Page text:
Twenty-five percent of seasonal allergy sufferers also fall victim to Oral Allergy Syndrome, or OAS, an allergy to proteins in certain types of pollen found in fruits and vegetables. The symptoms, which are different than those of a typical food allergy, include an uncomfortable itchy, tingling sensation or even swelling in your mouth upon eating the offending fresh fruit, vegetable, or nut.
For more on the difference between OAS and food allergy symptoms, keep reading.
The symptoms often aren't severe enough to prevent sufferers from enjoying the food, which is good news for me and my fridge full of plums. The uncomfortable feeling generally lasts for about 10 minutes to a half-hour.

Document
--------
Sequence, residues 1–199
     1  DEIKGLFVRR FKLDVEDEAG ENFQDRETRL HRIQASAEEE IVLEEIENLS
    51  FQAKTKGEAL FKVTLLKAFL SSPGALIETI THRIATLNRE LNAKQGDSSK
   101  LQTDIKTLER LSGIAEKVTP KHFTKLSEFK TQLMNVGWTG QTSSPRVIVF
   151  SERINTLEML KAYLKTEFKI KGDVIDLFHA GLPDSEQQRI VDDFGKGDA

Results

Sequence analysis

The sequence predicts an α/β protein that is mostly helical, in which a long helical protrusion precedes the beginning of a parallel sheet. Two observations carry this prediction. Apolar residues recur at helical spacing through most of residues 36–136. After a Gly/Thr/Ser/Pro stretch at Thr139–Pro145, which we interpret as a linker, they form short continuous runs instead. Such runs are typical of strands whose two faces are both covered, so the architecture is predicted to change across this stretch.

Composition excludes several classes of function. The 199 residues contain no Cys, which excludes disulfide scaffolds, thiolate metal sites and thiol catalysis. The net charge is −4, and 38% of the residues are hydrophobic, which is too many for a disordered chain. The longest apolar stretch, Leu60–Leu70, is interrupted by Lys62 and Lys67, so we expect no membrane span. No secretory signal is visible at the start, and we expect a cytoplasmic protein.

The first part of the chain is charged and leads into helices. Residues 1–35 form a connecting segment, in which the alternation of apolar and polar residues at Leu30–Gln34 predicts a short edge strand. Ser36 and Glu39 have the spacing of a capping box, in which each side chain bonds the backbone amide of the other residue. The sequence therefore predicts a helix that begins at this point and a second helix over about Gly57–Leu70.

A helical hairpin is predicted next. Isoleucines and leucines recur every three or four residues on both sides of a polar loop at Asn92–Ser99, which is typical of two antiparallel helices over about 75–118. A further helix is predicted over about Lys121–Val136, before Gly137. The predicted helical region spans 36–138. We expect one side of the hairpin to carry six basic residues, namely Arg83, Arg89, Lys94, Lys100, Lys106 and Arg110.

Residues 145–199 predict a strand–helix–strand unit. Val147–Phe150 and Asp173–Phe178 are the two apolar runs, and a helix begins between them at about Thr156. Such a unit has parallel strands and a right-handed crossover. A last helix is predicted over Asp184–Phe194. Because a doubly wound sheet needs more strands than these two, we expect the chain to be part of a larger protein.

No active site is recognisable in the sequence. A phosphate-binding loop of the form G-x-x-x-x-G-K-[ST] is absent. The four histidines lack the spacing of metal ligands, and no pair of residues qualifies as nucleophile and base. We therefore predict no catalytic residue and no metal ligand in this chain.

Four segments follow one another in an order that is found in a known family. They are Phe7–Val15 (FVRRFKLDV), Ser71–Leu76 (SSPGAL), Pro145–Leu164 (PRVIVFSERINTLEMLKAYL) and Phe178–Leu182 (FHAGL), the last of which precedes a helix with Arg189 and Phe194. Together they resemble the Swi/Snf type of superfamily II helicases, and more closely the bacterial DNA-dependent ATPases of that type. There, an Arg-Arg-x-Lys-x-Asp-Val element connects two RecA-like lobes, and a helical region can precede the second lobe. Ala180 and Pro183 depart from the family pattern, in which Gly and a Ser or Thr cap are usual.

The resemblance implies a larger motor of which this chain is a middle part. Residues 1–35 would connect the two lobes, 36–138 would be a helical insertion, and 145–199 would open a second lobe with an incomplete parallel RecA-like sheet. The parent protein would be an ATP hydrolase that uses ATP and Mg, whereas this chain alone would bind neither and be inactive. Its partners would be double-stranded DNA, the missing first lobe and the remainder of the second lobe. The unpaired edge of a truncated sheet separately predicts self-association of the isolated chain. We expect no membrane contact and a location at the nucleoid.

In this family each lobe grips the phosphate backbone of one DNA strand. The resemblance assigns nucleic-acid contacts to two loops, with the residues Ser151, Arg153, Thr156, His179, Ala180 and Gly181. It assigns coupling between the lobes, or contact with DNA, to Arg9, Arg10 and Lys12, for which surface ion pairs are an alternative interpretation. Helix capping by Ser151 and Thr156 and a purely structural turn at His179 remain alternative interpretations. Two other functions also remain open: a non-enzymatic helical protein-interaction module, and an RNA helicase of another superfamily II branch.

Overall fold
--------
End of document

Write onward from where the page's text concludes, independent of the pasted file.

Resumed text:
True food allergies, on the other hand, carry symptoms that are far more severe. A food allergy causes reactions like hives, nausea, and facial swelling, and in severe cases can cause difficulty breathing or swelling in your throat.
Oral allergy syndrome can only be triggered by fresh fruits and vegetables, so cooking them or eating their dried versions won't cause a reaction. And as long as you can deal with 15 minutes or so of itchy discomfort, you don't have to avoid fresh versions of OAS-triggering foods.